A Face in Our Future

Bremerton City Councilman Brad Gehring has been one of the chief proponents of a four-year degree possibilities for Kitsap County. Outside the Roxy Seahawks rally in early February he and I discussed his views that such a venture would help further Bremerton’s redevelopment. Colleges, he said, help attract employers offering family-wage jobs. I thought it an interesting discussion and told him I’d talk to our education reporter, Chad Lewis, about it.

Chad had been looking for a way to get that question answered when I told him about Gehring. It gave Chad a great way to begin looking at the issue, the result was Sunday’s story about what it would take for Bremerton, or anyplace in Kitsap, to get a four-year college in place.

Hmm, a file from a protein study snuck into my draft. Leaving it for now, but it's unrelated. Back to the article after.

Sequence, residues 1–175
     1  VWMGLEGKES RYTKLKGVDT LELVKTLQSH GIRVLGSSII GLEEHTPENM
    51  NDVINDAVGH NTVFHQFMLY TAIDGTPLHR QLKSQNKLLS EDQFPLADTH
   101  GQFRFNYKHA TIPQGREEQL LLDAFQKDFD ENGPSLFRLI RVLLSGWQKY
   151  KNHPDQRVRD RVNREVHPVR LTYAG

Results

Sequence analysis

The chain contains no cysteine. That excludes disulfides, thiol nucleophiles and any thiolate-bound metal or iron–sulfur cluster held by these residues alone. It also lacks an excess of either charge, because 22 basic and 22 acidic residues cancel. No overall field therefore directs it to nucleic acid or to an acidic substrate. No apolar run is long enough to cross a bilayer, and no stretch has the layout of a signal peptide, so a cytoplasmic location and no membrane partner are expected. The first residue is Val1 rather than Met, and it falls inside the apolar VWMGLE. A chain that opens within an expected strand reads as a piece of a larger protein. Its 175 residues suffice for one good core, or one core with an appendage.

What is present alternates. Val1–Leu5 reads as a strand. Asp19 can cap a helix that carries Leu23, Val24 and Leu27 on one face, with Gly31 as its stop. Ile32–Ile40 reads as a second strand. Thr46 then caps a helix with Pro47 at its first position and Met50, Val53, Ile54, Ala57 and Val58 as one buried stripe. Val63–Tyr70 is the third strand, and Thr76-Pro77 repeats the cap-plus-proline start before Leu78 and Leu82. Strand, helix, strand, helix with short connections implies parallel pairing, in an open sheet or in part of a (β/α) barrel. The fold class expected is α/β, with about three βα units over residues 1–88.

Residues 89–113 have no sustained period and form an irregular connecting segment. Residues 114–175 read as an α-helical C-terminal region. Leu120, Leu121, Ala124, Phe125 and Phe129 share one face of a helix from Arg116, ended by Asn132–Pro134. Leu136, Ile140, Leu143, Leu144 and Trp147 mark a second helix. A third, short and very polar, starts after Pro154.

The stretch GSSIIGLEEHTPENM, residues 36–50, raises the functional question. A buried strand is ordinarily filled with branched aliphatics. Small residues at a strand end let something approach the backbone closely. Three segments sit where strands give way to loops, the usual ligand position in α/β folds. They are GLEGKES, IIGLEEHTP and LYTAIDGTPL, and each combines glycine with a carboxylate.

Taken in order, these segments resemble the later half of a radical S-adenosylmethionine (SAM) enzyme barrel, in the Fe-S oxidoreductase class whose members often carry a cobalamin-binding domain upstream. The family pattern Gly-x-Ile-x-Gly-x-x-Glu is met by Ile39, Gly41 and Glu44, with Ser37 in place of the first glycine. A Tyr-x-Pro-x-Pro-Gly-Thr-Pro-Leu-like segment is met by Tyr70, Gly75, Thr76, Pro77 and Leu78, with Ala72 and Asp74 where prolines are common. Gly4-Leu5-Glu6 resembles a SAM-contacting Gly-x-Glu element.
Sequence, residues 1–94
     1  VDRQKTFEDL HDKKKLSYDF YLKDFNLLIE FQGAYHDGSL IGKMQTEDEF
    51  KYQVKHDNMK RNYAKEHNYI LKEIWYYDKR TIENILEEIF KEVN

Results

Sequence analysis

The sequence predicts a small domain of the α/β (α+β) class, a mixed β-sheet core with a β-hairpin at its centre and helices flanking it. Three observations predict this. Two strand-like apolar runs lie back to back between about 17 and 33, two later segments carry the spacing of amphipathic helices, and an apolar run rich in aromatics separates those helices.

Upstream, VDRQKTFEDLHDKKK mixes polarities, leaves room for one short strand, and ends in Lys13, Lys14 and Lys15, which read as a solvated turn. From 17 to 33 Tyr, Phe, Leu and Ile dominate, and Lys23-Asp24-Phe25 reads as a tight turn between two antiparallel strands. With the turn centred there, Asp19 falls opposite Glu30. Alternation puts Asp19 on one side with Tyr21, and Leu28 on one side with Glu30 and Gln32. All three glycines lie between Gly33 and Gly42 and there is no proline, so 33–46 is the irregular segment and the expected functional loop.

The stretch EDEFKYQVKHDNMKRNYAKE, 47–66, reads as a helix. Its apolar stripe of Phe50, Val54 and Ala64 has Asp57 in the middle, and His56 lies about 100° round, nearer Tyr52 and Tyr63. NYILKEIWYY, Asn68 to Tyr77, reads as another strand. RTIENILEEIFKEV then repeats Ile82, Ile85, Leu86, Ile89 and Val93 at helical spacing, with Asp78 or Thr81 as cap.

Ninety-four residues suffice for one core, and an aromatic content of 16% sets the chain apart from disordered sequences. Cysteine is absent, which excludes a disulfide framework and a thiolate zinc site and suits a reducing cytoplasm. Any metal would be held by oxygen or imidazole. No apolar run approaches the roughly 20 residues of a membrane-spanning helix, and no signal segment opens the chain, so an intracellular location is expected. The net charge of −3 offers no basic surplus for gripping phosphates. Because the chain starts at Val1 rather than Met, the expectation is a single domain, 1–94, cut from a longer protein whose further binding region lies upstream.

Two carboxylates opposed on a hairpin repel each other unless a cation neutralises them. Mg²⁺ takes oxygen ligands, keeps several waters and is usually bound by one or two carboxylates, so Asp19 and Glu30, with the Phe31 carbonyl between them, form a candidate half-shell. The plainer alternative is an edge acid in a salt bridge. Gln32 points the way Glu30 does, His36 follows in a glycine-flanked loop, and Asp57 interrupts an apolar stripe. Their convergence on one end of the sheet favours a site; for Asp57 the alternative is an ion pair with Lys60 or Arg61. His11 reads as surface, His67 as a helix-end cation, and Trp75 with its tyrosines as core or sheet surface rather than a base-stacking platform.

One of our designers came up with the logo on the mug on the front page. The phrase at the bottom, “Fortes Fortuna Adiuvat” means “Fortune favors the brave” in Latin. The original phrase was “Ad Kalendas Graecas.” Bonus points to the first person who can write back with what English language idiom is the equivalent.

One thought on “A Face in Our Future

  1. Okay, I’m reaching back to ninth grade Latin, now, but doesn’t Ad Kalendas Graecas just mean “never” or “a date that doesn’t exist”? You’ve got me curious now, so let me know what it is!

    You’re correct that the phrase means “never,” and from what I’ve read it is equivalent to a fairly common English idiom we use to mean the same thing. If you’ve ever watched the Simpsons and remember the episode where Lisa becomes a vegetarian, you might recall a conversation Burns had with Smithers.

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